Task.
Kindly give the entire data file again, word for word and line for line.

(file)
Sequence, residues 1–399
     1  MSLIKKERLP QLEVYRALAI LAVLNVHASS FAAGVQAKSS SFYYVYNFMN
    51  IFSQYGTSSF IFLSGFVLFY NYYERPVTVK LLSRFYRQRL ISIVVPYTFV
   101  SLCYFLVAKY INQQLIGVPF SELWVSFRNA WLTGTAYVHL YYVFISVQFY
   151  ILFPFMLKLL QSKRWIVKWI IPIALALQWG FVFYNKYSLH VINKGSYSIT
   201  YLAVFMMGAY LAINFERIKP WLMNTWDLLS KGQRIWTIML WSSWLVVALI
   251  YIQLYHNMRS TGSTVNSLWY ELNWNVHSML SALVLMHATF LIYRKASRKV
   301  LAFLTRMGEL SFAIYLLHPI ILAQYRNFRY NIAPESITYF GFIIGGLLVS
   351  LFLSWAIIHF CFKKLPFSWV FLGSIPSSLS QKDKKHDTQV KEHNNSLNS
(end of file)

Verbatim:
Sequence, residues 1–399
     1  MSLIKKERLP QLEVYRALAI LAVLNVHASS FAAGVQAKSS SFYYVYNFMN
    51  IFSQYGTSSF IFLSGFVLFY NYYERPVTVK LLSRFYRQRL ISIVVPYTFV
   101  SLCYFLVAKY INQQLIGVPF SELWVSFRNA WLTGTAYVHL YYVFISVQFY
   151  ILFPFMLKLL QSKRWIVKWI IPIALALQWG FVFYNKYSLH VINKGSYSIT
   201  YLAVFMMGAY LAINFERIKP WLMNTWDLLS KGQRIWTIML WSSWLVVALI
   251  YIQLYHNMRS TGSTVNSLWY ELNWNVHSML SALVLMHATF LIYRKASRKV
   301  LAFLTRMGEL SFAIYLLHPI ILAQYRNFRY NIAPESITYF GFIIGGLLVS
   351  LFLSWAIIHF CFKKLPFSWV FLGSIPSSLS QKDKKHDTQV KEHNNSLNS